I have desperately been trying to find the time to send a blog to continue bringing you up to date with our Amazonian cruise. But life has been such a hectic whirl of night passages and exploring the fascinating and rarely visited countries we’ve been passing through that I’m afraid there has been no time.
I last left you in St Laurent du Maroni on the border of French Guiana and Suriname. Since then we have sailed to the capital of Suriname, Paramaribo, thence onwards to the Essiquibo River in Guyana (once British Guiana). There we left the boat at anchor for four days and went on a fascinating tour of the country. As I type we are now approaching Tobago. So I’ve got lots to tell you, but I’m afraid you’re going to have to wait a little longer.
After a luxurious respite, the gremlins are back again, and may have delivered their coup de grace. Yesterday, the engine packed up as we were leaving the Essequibo River. By now, I like to think I know my way around a diesel engine. I’ve tried everything without success to get the engine running again, but it looks like it could be the injection pump. This box of tricks is perhaps the most complicated part of the engine. Apart from being very expensive, they almost never give any problems so almost no one carries a spare – me included. They also require specialist skills to install them. So tomorrow we’re going to have to sail into the anchorage in Scarborough in Tobago and start the process of getting it sorted. And until we do get it sorted, in Scarborough we will have to remain.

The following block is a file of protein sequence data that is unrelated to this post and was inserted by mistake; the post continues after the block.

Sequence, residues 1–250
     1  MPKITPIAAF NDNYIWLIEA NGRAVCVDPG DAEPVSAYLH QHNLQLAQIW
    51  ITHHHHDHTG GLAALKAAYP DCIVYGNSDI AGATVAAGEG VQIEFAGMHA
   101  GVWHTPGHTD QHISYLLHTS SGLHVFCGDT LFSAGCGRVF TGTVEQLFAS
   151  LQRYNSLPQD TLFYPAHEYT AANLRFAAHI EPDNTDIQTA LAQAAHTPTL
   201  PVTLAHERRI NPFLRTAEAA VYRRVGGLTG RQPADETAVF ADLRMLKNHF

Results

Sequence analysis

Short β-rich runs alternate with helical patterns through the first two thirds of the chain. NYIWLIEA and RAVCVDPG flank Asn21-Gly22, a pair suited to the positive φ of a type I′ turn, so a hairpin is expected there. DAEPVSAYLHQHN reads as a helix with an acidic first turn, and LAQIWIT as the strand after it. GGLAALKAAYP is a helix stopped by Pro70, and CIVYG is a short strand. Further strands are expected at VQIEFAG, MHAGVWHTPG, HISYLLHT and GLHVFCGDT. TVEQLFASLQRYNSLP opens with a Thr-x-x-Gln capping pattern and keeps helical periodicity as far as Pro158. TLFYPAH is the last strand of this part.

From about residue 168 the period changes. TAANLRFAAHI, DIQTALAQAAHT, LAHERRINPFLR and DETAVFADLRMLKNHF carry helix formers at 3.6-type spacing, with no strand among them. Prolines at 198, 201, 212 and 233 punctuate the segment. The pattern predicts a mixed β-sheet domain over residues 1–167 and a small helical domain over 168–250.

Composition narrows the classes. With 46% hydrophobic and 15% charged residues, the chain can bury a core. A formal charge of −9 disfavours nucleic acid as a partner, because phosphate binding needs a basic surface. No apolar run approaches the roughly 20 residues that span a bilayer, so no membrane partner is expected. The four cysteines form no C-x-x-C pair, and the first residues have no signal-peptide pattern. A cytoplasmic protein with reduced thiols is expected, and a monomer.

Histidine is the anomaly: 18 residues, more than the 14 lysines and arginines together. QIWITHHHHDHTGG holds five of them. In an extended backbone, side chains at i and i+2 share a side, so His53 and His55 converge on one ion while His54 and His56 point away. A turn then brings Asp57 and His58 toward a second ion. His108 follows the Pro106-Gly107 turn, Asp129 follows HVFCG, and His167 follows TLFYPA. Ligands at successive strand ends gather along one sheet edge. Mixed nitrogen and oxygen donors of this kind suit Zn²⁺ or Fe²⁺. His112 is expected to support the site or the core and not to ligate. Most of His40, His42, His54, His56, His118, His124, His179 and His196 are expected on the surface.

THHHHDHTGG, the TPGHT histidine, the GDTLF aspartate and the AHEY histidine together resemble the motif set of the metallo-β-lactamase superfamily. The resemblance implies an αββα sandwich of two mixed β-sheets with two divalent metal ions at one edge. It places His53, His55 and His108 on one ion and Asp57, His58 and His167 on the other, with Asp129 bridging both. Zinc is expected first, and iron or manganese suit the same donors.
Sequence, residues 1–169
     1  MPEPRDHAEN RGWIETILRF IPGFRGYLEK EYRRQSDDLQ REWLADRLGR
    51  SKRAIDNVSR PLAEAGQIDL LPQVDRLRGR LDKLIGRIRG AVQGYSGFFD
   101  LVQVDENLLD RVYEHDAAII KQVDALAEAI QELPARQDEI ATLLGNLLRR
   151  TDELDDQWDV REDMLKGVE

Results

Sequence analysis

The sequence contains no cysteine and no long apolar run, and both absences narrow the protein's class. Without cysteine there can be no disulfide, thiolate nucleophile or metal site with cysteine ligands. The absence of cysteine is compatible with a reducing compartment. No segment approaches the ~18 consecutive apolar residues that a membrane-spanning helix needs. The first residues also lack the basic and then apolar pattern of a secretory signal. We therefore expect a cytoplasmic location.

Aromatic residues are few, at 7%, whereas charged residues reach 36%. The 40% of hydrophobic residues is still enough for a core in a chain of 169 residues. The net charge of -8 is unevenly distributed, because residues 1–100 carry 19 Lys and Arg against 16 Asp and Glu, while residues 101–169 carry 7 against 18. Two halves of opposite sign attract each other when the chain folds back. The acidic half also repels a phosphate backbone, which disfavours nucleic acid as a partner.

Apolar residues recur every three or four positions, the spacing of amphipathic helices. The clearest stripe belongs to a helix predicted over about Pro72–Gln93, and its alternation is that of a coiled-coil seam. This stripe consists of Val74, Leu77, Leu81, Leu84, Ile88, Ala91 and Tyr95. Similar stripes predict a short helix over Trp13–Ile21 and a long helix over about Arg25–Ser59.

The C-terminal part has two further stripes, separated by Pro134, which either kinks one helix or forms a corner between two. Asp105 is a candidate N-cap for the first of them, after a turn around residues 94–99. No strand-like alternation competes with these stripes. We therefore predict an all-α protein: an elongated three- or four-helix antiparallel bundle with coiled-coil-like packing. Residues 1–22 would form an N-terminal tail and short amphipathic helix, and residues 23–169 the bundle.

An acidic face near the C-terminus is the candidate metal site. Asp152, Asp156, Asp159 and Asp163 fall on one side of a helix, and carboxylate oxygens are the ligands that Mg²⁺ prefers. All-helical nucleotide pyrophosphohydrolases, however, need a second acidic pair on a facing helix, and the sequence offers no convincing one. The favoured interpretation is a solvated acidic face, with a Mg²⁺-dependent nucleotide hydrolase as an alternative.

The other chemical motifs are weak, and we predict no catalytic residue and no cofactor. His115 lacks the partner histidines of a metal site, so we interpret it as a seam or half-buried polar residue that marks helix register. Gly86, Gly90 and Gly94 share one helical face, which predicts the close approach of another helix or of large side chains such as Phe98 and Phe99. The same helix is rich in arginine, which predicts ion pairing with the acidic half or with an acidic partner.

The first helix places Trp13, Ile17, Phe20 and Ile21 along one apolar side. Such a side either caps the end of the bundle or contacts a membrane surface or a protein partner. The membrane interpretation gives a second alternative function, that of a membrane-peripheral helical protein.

What I will try and do in the interim is to post some position reports with lat/longs so at least you will be able to see on the map where we’ve been.
Sorry folks, I’ll get back to you as soon as time and gremlins allow.